• Scheduling – Nurses can schedule regular and annual wellness visits (AWVs) to ensure patients receive their necessary preventative care and screening. 
  • Remote patient monitoring – With the help of IoT health technologies, nurses can perform remote patient monitoring (RPM), which makes it possible to identify behavioral or vital sign changes that might signal an impending health issue. The nurses then follow up and triage patients who are out of bounds (based on predetermined clinical parameters), only involving physicians when medical decision-making is required.  

Benefits of CCM

CCM benefits both patients and providers. 

Improved care coordination can make a tangible impact on health outcomes. Better medication management and patient engagement reduce hospitalizations and free up primary care physicians to focus on more complex health issues that actually require medical decision-making.  

A high-quality CCM program will enhance patient convenience and access to care, especially for those individuals living in rural or underserved areas. And, ultimately, it will reduce overall healthcare costs by addressing and treating potential health issues early on. 

CCM with Signallamp Health 

Today, doctors lack the capacity to handle the myriad tasks associated with chronic health issues. And, for such conditions, patients need additional support that extends far beyond the walls of a traditional office setting of a primary care practice.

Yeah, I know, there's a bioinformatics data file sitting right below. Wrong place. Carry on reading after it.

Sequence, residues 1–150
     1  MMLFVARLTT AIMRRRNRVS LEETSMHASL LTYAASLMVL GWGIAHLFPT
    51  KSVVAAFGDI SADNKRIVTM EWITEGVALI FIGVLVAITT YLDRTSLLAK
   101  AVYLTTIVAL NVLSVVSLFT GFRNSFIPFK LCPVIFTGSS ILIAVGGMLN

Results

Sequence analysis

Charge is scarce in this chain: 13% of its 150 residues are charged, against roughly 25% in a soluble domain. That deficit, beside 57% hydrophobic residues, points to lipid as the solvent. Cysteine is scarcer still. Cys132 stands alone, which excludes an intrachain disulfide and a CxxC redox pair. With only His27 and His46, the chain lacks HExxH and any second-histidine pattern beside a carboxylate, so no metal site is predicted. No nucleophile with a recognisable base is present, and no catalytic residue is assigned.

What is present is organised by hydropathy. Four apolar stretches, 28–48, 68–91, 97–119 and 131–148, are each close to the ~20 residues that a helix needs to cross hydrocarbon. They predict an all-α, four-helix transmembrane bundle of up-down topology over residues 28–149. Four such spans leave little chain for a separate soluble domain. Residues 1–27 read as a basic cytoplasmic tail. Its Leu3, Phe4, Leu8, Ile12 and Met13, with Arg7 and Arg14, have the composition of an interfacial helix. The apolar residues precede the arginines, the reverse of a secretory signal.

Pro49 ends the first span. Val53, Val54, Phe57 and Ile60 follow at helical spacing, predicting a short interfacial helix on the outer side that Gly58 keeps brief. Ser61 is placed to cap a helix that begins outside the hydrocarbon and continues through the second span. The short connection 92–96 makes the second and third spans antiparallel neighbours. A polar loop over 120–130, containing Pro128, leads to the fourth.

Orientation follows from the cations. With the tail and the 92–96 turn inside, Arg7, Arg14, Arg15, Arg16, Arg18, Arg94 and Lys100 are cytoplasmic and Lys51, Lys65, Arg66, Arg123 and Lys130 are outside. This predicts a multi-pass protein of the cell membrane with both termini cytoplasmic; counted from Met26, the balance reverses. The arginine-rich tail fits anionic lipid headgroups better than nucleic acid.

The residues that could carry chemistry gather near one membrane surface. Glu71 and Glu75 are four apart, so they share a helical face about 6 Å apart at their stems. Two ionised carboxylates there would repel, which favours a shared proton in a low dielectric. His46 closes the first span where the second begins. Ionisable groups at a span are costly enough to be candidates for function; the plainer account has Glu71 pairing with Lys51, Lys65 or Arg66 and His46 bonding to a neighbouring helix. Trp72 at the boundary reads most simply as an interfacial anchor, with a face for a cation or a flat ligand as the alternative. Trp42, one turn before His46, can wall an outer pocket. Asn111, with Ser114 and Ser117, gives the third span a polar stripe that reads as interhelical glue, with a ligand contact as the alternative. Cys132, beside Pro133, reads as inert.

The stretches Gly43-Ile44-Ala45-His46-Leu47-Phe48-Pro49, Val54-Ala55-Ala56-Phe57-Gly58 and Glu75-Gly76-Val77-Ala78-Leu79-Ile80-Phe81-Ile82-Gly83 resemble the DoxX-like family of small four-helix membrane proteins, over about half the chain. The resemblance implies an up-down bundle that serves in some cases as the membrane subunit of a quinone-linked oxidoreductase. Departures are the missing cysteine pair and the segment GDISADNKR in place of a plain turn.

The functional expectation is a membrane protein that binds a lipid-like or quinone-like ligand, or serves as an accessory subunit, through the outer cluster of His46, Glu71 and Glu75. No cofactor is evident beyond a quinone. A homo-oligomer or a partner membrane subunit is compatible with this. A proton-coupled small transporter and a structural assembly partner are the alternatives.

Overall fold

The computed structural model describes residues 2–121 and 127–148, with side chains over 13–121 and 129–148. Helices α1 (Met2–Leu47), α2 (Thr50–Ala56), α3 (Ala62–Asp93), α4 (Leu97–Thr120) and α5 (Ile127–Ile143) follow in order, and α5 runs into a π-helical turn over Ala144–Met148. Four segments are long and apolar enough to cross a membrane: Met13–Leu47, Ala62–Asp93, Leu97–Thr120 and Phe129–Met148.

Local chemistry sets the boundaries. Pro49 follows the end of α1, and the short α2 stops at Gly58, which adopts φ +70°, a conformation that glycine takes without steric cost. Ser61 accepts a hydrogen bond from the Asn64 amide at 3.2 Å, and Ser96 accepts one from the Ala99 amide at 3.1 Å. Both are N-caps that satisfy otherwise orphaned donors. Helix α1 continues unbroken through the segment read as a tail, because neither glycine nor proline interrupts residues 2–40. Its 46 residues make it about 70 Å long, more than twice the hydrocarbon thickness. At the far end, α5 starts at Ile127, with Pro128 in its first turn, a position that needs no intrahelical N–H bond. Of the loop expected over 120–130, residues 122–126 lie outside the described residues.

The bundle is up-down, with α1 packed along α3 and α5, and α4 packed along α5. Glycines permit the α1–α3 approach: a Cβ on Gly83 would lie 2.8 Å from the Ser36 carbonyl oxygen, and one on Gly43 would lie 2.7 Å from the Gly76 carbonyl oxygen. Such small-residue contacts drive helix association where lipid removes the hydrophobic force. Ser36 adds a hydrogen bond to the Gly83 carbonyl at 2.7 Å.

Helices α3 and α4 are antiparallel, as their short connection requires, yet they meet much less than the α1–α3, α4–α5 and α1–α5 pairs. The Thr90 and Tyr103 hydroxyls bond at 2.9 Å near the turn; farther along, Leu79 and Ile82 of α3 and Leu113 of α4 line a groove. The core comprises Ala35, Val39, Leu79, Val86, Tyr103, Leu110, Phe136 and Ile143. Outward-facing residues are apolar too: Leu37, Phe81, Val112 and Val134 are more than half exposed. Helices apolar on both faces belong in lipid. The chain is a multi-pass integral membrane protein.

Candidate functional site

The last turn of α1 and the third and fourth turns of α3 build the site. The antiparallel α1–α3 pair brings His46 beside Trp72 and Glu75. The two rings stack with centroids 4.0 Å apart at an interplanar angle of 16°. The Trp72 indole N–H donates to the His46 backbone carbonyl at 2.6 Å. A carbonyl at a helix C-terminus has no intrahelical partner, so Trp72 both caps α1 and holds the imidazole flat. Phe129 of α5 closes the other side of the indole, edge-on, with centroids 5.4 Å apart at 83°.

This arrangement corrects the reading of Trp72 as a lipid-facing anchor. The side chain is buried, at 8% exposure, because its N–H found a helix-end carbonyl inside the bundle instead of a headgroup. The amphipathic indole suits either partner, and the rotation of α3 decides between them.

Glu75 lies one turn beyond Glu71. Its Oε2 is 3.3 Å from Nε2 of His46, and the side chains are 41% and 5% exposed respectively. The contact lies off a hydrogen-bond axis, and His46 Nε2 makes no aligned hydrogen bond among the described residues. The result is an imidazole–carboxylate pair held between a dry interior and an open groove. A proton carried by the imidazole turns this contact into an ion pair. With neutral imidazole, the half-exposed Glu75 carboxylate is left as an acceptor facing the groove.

To ease the burden on doctors and improve patient outcomes, the industry must shift to scalable models like CCM & RPM, which are sustainable long term through existing reimbursements. This is where Signallamp can help. 

The Signallamp Health CCM and RPM services platform enables you to offer these services to your patients at scale, staffed with dedicated nurse care teams (no call centers), documenting directly in your EMR, all funded through existing reimbursements (literally zero out-of-pocket expense). 
Schedule your CCM consultation today to find out how we can help you expand physician capacity and increase primary care touchpoints with your chronic disease patients, without increasing the burden of care upon your existing providers.


[1] Revisiting the Time Needed to Provide Adult Primary Care.

[2] CMS. Chronic Care Management.

[3] PubMed. Slipping and tripping: fall injuries in adults associated with rugs and carpets.